18 September 2021
Data and analytics have generally been accepted as the focal point of many companies today. The industry has realized that many of the functions that were previously time consuming and relied on a variety of personnel and files can be automated. However, no matter how much you automate or how advanced your models are it all relies on the ability of coworkers to make use of that information.
Until quite recently decisions have been made depending on what one or maybe two people think should be done. This approach is not bad per se, the people making those decisions are generally in that position due to their skill and ability to make the right decisions. However, over the past twenty years our ability to generate and aggregate data from all matters of business functions has increased dramatically. Today we can not only measure the impact that we see online or in our marketing, instead data is generated in the physical world as well with the introduction of more widespread internet of things usage.
So how does this translate to an organization? Is it still reasonable that the people making the decisions based on their strong business acumen should do so? And if not, how do we create a culture within an organization that looks to the data first and opinions second?
Making a change
I believe that the analysis of data can never replace the person that has a great understanding of their organization’s value proposition. However, those opinions should now be grounded in the data that is available.
This might sound easy at first, but the change from acting on gut feeling and instead letting strong business minds guide the search for data is more complicated than it seems. In fact, it is probably one of the most significant shifts we have seen in the market. It implies that people need to learn how to use and analyze data in order to get the support they need in the decision making process.
Making such a change is not only a change in techniques but also a change in behaviour. Looking at fortune 500 companies most have implemented systems that allow for recurring data analysis but still struggle with fully implementing it throughout the organization. This is generally due to the fact that culture and the way people do things are hard to change.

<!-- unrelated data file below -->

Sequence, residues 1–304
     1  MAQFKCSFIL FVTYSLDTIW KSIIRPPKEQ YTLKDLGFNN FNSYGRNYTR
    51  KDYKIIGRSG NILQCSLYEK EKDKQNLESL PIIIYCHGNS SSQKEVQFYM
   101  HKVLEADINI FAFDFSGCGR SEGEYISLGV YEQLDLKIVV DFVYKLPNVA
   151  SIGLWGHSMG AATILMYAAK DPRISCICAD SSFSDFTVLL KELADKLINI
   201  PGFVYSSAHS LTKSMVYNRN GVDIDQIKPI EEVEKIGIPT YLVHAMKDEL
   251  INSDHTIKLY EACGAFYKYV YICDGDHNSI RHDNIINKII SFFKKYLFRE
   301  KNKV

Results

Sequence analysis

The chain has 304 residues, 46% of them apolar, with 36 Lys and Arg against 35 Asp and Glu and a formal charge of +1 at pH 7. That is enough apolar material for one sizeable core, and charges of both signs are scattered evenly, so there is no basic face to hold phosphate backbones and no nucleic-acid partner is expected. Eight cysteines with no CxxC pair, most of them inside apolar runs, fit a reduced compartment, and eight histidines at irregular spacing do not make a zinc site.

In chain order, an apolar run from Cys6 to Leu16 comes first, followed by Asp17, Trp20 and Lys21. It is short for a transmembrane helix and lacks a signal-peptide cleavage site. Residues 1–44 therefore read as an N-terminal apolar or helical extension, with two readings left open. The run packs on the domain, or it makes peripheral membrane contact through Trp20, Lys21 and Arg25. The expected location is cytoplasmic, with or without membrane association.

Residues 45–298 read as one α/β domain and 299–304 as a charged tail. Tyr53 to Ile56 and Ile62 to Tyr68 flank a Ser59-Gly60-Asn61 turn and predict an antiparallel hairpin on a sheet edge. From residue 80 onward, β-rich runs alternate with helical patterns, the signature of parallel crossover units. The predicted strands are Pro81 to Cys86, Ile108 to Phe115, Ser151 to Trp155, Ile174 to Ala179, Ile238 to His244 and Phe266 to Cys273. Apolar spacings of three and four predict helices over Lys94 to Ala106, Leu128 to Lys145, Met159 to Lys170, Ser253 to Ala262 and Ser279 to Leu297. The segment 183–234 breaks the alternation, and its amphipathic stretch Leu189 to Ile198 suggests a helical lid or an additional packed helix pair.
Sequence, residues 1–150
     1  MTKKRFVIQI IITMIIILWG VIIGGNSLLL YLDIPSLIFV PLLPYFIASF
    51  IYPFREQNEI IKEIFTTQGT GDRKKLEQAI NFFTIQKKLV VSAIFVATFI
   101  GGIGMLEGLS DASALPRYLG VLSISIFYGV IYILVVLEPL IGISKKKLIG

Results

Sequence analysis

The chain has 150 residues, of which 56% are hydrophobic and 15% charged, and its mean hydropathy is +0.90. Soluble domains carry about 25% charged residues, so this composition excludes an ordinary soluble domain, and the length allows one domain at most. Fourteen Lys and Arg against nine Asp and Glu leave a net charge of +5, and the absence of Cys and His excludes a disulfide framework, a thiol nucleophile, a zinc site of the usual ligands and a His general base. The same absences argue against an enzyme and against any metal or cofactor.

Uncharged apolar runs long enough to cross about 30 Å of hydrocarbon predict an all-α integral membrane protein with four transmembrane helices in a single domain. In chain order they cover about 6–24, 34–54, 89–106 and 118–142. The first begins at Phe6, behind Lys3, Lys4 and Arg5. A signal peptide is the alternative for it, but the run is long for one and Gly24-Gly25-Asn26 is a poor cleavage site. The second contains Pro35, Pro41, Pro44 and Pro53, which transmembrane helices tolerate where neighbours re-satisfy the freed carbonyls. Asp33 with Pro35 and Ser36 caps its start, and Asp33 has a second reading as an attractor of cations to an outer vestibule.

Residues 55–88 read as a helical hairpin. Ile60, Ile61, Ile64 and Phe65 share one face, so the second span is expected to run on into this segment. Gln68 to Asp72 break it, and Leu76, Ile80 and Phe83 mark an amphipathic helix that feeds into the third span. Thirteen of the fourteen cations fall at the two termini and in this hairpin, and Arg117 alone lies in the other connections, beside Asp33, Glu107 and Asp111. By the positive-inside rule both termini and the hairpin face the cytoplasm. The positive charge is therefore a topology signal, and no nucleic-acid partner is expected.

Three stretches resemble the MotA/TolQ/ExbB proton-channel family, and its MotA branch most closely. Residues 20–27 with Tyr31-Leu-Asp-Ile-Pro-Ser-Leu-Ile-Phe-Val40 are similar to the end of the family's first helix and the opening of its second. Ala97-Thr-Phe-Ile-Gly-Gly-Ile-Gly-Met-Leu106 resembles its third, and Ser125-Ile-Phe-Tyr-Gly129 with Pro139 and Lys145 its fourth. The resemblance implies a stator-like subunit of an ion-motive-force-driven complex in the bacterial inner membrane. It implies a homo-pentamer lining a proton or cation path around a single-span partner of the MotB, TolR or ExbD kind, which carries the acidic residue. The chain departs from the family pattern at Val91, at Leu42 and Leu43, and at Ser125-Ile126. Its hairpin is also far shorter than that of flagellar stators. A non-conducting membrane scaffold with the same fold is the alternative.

This generally leads to data being generated and analyzed, but it is often more as an outcome of a previous activity rather than the foundation of activities going forward. Having a data driven culture implies that decisions are made with statistics backing them. As previously mentioned this requires that people understand what they are looking for and what they are looking at.
A clear strategy
There are no easy ways for an organisation to create a strong data culture. It generally starts from the top with clear directives. Organisations also need to identify so-called data champions. These are people who might not be data analysts right now, but that have the drive and understanding to learn. Training colleagues that already work in the organization has the added benefit of them already knowing the value proposition and where to look.
These so-called data champions can serve as teachers and spread the know-how and use of data throughout the organization. By doing so they eliminate a large part of the burden that the management layer experiences when the whole workforce needs to be trained simultaneously.
In general good systems and data management is at the heart of becoming data driven as an organization. It is, however, of great importance to have a clear strategy for how these tools should be implemented throughout the organization to get the best value out of this shift.
If you feel the need to either develop systems that allow for instant insights or strategies that help you make the transition from traditional an organization to a data driven organization to hesitate to contact us.